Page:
The IceCube experiment has taken hits from three neutrinos carrying energies above the outlandishly high peta–electron volt range that suggest they may radiate from titanic explosions in the depths of space.
A belowground experiment at the South Pole has now discovered three of the highest-energy neutrinos ever found, particles that may be created in the most violent explosions of the universe. These neutrinos all have energies at the absurdly high scale of peta–electron volts—roughly the energy equivalent of one million times a proton’s mass. (As Albert Einstein showed in his famous E = mc2equation, energy and mass are equivalent, and such a large amount of mass converts to an extreme level of energy.) The experiment, called IceCube, reported the discovery of the first two—nicknamed Ernie and Bert—last year, and announced the third Monday here at the American Physical Society meeting. “Internally, it’s known as Big Bird,” said IceCube physicist Chris Weaver of the University of Wisconsin–Madison.
These neutrinos are valuable because they are extremely standoffish, rarely ever interacting with other particles, and are uncharged, so their direction is never swayed by magnetic fields in the universe. Thus, their trajectories should point straight back to their source, which astronomers think could be a variety of intense events such as humongous black holes accreting matter, explosions called gamma-ray bursts or galaxies forming stars at furious rates.
This penchant for noninteraction also makes neutrinos extremely difficult to detect. The IceCube experiment looks for the very rare occasions when neutrinos collide with atoms in a cubic kilometer of ice buried underneath the South Pole. Such shielding is necessary to filter out collisions from other particles, but does not inhibit neutrinos. The experiment capitalizes on the naturally pure ice there, using a region that extends twice the depth of the Grand Canyon underground. Thousands of light detectors are imbedded in the ice to catch the little blips of light created when neutrinos are caught. Such interactions are so infrequent that IceCube researchers had to search for two years to find these three high-energy neutrinos. During that time span the instrument also detected 34 neutrinos of somewhat lower energies. Some of these neutrinos are thought to be contamination created when charged particles called cosmic rays hit Earth’s atmosphere, but some portion of IceCube’s haul likely came directly from violent processes in the cosmos. Those particles are called astrophysical neutrinos. “It looks like we have reached compelling evidence for astrophysical neutrinos,” said U.W.–Madison physicist Albrecht Karle, a member of the IceCube team.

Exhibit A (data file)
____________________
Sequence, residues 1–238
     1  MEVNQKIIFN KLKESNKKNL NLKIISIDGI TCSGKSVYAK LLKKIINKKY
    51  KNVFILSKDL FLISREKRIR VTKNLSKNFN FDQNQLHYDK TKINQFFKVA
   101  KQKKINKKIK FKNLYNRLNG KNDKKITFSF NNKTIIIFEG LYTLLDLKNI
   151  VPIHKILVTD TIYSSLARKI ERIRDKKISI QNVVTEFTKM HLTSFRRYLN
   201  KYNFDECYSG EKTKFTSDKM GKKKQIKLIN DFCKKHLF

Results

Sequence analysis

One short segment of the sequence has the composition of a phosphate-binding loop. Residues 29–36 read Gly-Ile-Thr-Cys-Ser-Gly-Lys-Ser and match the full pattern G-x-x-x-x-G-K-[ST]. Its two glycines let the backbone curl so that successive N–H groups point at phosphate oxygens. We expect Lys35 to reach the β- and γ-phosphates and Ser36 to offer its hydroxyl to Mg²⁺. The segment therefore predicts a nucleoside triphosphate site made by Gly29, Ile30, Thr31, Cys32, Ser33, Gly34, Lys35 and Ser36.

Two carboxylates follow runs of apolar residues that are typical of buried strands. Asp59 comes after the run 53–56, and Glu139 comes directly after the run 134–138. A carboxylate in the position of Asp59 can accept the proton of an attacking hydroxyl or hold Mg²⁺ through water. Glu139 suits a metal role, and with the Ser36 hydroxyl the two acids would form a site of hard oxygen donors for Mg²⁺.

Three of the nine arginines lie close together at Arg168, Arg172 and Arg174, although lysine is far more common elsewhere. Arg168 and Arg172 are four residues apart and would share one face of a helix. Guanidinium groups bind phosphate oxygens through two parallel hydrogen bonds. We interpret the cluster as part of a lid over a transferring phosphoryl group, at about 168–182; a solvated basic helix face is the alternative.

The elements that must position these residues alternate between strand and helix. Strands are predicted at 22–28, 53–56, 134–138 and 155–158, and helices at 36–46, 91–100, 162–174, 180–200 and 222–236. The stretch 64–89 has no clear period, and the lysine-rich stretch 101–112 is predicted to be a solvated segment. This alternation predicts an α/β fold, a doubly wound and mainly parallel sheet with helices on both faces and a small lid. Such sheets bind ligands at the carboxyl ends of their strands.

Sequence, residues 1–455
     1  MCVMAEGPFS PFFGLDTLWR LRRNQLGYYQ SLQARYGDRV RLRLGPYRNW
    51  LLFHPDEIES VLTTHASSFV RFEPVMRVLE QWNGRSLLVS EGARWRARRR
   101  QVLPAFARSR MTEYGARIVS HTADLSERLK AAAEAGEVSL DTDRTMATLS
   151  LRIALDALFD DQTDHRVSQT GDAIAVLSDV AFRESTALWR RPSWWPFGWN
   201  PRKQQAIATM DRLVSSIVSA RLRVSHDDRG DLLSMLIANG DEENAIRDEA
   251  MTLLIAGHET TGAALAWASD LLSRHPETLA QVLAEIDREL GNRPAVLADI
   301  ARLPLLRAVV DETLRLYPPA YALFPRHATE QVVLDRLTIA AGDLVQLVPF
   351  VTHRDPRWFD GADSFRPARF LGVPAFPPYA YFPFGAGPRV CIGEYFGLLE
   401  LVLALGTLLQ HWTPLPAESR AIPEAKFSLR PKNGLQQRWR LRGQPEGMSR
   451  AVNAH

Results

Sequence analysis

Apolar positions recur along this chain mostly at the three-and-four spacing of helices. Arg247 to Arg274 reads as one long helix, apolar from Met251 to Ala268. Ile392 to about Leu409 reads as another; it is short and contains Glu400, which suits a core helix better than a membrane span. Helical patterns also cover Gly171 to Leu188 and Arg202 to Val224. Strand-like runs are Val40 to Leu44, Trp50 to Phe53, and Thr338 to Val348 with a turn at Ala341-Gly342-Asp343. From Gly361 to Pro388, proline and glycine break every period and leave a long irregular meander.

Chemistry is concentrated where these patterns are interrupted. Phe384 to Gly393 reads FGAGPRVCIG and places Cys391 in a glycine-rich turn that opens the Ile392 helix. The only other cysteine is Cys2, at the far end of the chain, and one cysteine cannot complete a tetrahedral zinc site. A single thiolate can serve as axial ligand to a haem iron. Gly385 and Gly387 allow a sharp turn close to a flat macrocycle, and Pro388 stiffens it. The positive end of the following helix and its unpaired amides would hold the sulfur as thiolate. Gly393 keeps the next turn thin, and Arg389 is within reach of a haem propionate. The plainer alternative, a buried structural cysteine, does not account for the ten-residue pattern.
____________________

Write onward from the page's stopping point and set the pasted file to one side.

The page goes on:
Written By: Clara Moskowitz
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